Yesterday, I stumbled across something pretty interesting.
I’ve been consuming a lot of information lately about the art of storytelling. Not only is it for the sake of improving my creative work, but it’s also pretty damn interesting.
Will Storr’s ‘The Science of Storytelling’ has been a fascinating read so far. On the topic of tribalism, he points out that when a film character does something wrong, we often wish for justice to prevail against them. If someone humiliates an undeserving character, we want them to be humiliated back, preferably in front of everyone else!
However, some storytellers narrate a story from the point of view of an ‘antihero’, a central character who lacks conventional heroic attributes.
Think ‘Walter White’ from Breaking Bad, and why we all felt empathetic towards a ruthless drug dealer.
Here’s why Storr thinks we support ‘antiheroes’:
“But the awkward fact remains that, as we experience the story unfolding in our minds, we seem to enjoy ‘playing’ the antihero. I wonder if this is because, somewhere in the sewers far beneath our hero-making narrators, we know we’re not so lovely. Keeping the secret of ourselves from ourselves can be exhausting. This, perhaps, is the subversive truth of stories about antiheroes. Being freed to be evil, if only in our minds, can be such a joyful relief.”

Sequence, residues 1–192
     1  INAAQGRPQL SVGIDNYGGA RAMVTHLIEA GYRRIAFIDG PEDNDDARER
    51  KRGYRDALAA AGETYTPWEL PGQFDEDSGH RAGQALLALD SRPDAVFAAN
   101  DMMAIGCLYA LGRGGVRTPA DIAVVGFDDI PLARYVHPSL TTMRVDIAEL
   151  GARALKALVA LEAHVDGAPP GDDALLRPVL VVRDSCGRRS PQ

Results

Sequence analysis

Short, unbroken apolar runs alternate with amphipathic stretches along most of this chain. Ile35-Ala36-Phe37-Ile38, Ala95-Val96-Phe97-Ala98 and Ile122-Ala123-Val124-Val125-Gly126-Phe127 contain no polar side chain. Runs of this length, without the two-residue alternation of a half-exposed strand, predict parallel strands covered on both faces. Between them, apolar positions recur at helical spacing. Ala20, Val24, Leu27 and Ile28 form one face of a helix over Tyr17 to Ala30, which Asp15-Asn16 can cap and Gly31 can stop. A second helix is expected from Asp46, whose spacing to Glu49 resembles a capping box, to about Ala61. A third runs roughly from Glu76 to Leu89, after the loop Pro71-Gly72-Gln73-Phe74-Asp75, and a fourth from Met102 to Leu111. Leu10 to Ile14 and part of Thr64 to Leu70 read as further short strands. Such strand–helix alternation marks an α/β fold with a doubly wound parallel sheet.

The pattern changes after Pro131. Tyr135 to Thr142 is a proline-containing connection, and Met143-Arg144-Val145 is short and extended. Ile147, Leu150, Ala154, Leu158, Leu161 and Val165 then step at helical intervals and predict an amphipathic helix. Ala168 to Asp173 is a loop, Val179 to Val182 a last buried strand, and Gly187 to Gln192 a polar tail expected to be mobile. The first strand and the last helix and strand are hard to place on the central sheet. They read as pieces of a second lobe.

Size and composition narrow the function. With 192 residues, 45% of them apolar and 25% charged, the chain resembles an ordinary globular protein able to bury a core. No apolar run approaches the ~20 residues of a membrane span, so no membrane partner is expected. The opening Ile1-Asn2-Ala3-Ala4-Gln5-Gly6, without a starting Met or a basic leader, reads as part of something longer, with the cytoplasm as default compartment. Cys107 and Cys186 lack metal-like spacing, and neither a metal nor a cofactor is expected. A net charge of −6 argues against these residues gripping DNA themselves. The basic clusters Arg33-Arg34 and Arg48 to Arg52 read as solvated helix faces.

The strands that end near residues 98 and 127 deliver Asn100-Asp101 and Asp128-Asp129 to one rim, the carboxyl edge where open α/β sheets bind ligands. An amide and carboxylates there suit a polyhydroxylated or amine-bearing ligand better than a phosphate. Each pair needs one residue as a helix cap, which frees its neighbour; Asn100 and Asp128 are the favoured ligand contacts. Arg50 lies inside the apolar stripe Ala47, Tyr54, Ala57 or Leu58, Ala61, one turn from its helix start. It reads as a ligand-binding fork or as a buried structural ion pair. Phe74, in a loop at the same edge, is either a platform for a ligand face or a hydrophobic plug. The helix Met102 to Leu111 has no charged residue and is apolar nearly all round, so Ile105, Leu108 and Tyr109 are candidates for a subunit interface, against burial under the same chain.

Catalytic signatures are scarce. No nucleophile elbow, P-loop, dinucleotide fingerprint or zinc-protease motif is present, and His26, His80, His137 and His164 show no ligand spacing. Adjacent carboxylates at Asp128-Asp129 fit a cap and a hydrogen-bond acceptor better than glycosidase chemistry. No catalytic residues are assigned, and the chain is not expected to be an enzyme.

Sometimes we’re not comfortable enough to visibly support the things we do, so it feels good to see things play out in a way we’d like.
Walter White might be a killer, but we still want him to come out on top. We empathise with his struggle and journey, so we overlook his shortcomings.
Funnily enough, the comedian Andrew Schulz mentioned something similar on the Colin and Samir Podcast (highly recommend — it’s one of my favourites).
Schulz talked about how numerous friends had sent him the same video clip by message, highlighting a controversial opinion that they likely agreed with but were uncomfortable with showing public support towards.
It made me think, is this our way of doing the very opposite of ‘virtue signalling’?
Is this our way of showing support towards the deepest, often darkest things we believe in?
I’ve always known that it’s worth paying attention to what people pay attention to, but these two examples have given me a lot to think about.
Can you relate to supporting antiheroes in this way? Do you publicise that support?
How do you share your unpopular opinions with other people, if at all?
I’d love to know.